Dermatologists Frustrated With Problematic iPledge Program

Bonnie Darves

March 09, 2006

March 9, 2006 (San Francisco) — The largest and arguably most complex risk-management program ever undertaken by the US Food and Drug Administration is sparking a commensurate measure of controversy — outright anger, in fact — among many American dermatologists. Despite vigorous protests from the American Academy of Dermatology (AAD), the iPledge program, an online restricted-distribution program for prescribing the acne drug isotretinoin (Accutane), launched on schedule March 1.

At the AAD's annual meeting, dermatologists complained that the program — which has the primary goal of preventing pregnancy among women of child-bearing potential who are prescribed the known teratogen — is inordinately onerous, structurally flawed, and not ready for "prime time."

"This mandatory program is very large in scope and the devil is in the details — more so, I think, than anyone could have anticipated," Diane Thiboutot, MD, chair of the AAD's Ad Hoc Task Force on Isotretinoin, told Medscape. "iPledge was developed in a very rapid fashion with little opportunity for input from those who would use it."

The details of the iPledge program are indeed complex. Developed by the New Jersey drug-development services firm Covance according to a design jointly devised by the FDA and the Isotretinoin Product Manufacturers Group, iPLEDGE uses a technically elaborate Internet-based system that requires the registration of all wholesalers distributing isotretinoin, all healthcare professionals prescribing isotretinoin, all pharmacies dispensing isotretinoin, and all patients — both men and women — prescribed isotretinoin.

Female patients cannot obtain or fill their first prescription unless they meet stringent requirements, including initial screening and 2 negative blood or urine pregnancy tests with documented results verified by the prescriber and entered into the password-protected system. Female patients also must promise to use 2 forms of contraception for 1 month before, during, and for 1 month after isotretinoin therapy, and these methods must be cited in the initial program registration. Each month thereafter, the patient must have a negative pregnancy test result, and this result as well as verification of the 2 methods of contraception being used must entered by the prescriber into the iPledge system.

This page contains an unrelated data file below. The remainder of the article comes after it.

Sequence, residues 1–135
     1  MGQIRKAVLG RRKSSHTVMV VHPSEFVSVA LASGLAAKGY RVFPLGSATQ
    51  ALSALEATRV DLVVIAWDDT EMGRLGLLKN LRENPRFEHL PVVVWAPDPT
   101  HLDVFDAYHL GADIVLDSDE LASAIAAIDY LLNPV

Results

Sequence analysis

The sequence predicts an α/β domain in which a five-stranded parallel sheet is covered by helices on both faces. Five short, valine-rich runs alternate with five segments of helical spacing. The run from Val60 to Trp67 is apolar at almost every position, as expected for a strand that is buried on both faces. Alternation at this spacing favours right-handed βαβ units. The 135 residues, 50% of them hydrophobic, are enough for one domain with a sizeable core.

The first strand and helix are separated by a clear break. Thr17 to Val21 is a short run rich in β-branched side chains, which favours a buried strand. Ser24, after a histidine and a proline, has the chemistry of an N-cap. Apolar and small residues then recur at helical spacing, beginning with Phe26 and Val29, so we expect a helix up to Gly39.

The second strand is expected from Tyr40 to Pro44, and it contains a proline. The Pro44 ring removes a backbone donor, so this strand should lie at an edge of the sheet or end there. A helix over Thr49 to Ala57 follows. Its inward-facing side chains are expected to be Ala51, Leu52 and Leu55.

Dermatologists who voluntarily registered in iPLEDGE prior to its official launch identified several glitches in the program — with passwords, call center responsiveness, and untimely processing of identification cards and materials orders — and pushed for a less burdensome structure. For example, the program requires registered patients to pick up their isotretinoin prescription within 7 days of the office visit or the prescription will "expire," and office visits must be scheduled no sooner than 30 days after the previous visit. The system also imposes registration requirements on male patients and on women who cannot — or by choice will not — become pregnant.

At the other end of the prescribing spectrum, pharmacists must obtain authorization by phone or via the iPledge Web site before dispensing the medication. As such, the risk management program is far broader in scope than its sticker-based predecessor and more elaborate and stringent than the one used to control thalidomide prescribing. Hundreds of thousands of prescriptions are written annually for isotretinoin, Dr. Thiboutot noted.

The net effect, say dermatologists, is a bottleneck in office operations, delays in patient care, and, ultimately, barriersto delivery of a drug that has proved the only effective therapy for many patients with severe, recalcitrant acne.

"Members [of the AAD] believe that the flaws and inefficiencies of the program have not been sufficiently addressed and remain concerned that the program will not work as intended, likely impeding patient access to this important medication," the AAD's immediate past president Clay Cockerell, MD, wrote in a recent statement.

"Among the many very large philosophical concerns we have about iPledge, the main one right now is that we can't use the thing," Dr. Thiboutot told Medscape. "It's the failure or at least the lack of a communication plan that's the key issue right now. We're in a crisis situation — and a lot of things were underestimated. The Web site is not adequately powered for the volume." She added that the AAD had heard that some members who called the iPledge call center "were getting put on hold for hours" when they tried to seek clarification on vexing registration problems or glitches.